A bit of background infill - this bloke had only ever been to my shop one other time previously, for a similar "steptoe" type visit; swap a second hand tyre from the wreckers on to an old rim he got from somewhere else for the "VS" (or older)....never seen him before or after for anything that resembled a transaction that was worth the time....certainly not a service or a new set of tyres.

    If you haven't heard of "steptoe" before; it was from the old English series from decades ago called; "Steptoe and Son":

    https://www.google.com.au/webhp?sourceid=chrome-instant&ion=1&espv=2&ie=UTF-8#q=steptoe+and+son

    It's a case of common decency and courtesy that these blokes never seem to have. He should have simply kept his mouth shut and not mentioned his "you beaut deal" miles away, and just gone there, or copped it sweet and paid the price we charged with no smart arse remarks.

    The price we charge for a puncture has been the same for 6 years, by the way...so we are not exactly out of touch with the market on price.
     
    Last edited: 1st Aug, 2015
  13. skater

    skater Capitalist Premium Member

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    I agree, however would like to note that this is useless unless you DO use that extra time well.
     
  14. skater

    skater Capitalist Premium Member

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    Look, I get it! You don't like the pain in the neck customers. I don't like them either BUT............you seriously can not treat them like that. Sadly, I feel that this is part of why your business is trading so badly.

    Serve them all with a smile and a good attitude, and they will come back. Not all of them, and certainly not the ones that have a long memory. Treat the customers right, and you will gain loyalty. If you can't do that, then you seriously need to find someone else to talk to the customers, while you go and belly ache in the lunchroom. Just make sure it's soundproof!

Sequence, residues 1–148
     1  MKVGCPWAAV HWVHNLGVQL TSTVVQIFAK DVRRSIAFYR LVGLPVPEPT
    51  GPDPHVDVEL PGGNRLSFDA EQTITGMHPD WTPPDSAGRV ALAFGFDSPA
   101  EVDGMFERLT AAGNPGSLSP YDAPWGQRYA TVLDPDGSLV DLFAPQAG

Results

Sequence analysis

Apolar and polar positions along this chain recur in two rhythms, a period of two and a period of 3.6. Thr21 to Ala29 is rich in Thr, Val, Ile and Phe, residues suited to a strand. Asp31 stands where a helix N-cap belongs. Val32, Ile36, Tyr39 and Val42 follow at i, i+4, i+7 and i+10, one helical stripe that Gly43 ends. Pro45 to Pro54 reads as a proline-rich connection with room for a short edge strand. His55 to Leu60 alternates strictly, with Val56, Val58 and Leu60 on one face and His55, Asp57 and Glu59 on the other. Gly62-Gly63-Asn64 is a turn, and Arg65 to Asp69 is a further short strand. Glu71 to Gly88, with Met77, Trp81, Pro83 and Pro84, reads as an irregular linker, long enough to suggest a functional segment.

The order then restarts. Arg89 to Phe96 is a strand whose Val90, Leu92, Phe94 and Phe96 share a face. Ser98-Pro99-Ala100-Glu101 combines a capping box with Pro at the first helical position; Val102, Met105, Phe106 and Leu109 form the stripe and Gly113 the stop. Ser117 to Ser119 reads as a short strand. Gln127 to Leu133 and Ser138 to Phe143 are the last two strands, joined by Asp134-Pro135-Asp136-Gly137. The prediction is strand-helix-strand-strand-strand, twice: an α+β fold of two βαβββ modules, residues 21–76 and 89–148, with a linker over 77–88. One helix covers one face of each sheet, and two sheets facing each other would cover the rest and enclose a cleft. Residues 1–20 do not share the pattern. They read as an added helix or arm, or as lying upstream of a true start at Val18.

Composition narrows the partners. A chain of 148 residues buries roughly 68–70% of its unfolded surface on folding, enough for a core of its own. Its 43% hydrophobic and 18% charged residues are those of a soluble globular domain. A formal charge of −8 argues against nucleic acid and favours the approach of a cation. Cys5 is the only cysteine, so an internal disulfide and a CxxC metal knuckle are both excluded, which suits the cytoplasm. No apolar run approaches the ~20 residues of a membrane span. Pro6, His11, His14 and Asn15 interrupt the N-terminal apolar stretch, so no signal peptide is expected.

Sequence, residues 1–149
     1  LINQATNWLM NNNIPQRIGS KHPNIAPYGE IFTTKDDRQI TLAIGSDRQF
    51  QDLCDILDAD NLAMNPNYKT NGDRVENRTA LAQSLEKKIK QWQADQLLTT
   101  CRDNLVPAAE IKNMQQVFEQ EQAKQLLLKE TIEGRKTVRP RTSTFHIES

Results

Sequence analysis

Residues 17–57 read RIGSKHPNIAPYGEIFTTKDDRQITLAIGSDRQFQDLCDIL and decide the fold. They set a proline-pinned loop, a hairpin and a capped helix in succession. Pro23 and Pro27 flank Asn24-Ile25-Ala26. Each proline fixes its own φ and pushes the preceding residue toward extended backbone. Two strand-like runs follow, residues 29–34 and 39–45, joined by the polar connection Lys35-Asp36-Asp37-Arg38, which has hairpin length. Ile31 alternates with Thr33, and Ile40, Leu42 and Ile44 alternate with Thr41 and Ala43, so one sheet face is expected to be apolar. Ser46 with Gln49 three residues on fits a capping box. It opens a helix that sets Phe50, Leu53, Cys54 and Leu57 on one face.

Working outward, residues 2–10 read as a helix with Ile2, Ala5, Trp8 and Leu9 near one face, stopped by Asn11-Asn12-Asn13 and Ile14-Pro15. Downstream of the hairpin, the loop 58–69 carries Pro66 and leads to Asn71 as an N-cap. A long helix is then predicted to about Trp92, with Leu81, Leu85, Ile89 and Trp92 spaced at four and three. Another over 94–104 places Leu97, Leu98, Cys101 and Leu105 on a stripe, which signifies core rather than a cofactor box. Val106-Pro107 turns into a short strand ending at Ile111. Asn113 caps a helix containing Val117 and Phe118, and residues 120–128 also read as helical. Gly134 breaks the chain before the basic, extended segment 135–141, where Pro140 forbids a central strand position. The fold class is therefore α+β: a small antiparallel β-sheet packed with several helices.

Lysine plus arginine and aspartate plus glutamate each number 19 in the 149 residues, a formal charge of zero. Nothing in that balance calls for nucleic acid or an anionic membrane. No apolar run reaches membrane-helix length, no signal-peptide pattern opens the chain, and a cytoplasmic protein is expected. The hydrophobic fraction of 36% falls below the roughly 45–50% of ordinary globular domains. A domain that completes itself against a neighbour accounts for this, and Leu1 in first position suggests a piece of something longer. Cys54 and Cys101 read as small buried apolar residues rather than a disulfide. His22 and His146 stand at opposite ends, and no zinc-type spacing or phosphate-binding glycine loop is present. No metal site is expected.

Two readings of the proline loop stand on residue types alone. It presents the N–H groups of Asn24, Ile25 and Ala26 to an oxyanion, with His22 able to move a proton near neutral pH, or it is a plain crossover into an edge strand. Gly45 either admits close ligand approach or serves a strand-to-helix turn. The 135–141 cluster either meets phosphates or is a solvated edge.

Last edited by a moderator: 5th Aug, 2015
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  15. Steven Ryan

    Steven Ryan Mortgage Broker Business Plus Member

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    Definitely. That's why I said it :)
     
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  16. AndrewTDP

    AndrewTDP Urban Planning Consultant Business Member

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    Good thread.

    My time has x value on it. If I can get a task done by someone else for less like cleaning the house then it is a no brainer. I can then use that time to either make money or recharge.
     
  17. AndrewTDP

    AndrewTDP Urban Planning Consultant Business Member

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    If I was a normal customer in there and saw that carry on from an owner or even an employee I'd never be back and I would talk about how bad it was.

    And that is the flow on effect.
     
  18. Fargo

    Fargo Well-Known Member

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  19. sanj

    sanj Well-Known Member

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    Yup. Certainly nothing to be proud of or happily gloat about but everyone has a different POV I guess...
     
  20. skater

    skater Capitalist Premium Member

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    Yes, I am the same. In fact, there are certain businesses I won't go to based on hearing, or being subject to the bad attitude of the person up front with the customers. In fact, I will drive out of my way to avoid them.

    I remember at our first PPOR, there were two corner stores. One on our street, about a 5 min walk, and one just up the road, around the corner, a couple of minutes more. We NEVER went to the nearest one, as the service was exceptional at the other one, and we weren't the only ones. You could see all the customers in the mornings, walking straight past the closest shop.

    We have our family doctor, who is around 20 minutes away from where we live now. There's plenty of others around, and some of them very good, but the service isn't. There's a brilliant one just up the street. I know! I've been there! But I can't get in to see him, and it's not because he's so brilliant, it's because of the stupid system they have to see the doctors. You have to go in, first thing, make an appointment for later in the day & come back. No pre-booking, and if you aren't waiting there before they open, you've got buckly's of getting to see him. It's a medical centre! In fact most of the local ones are, and I hate them.....so I travel. He's retiring this year, so got to find someone else.:(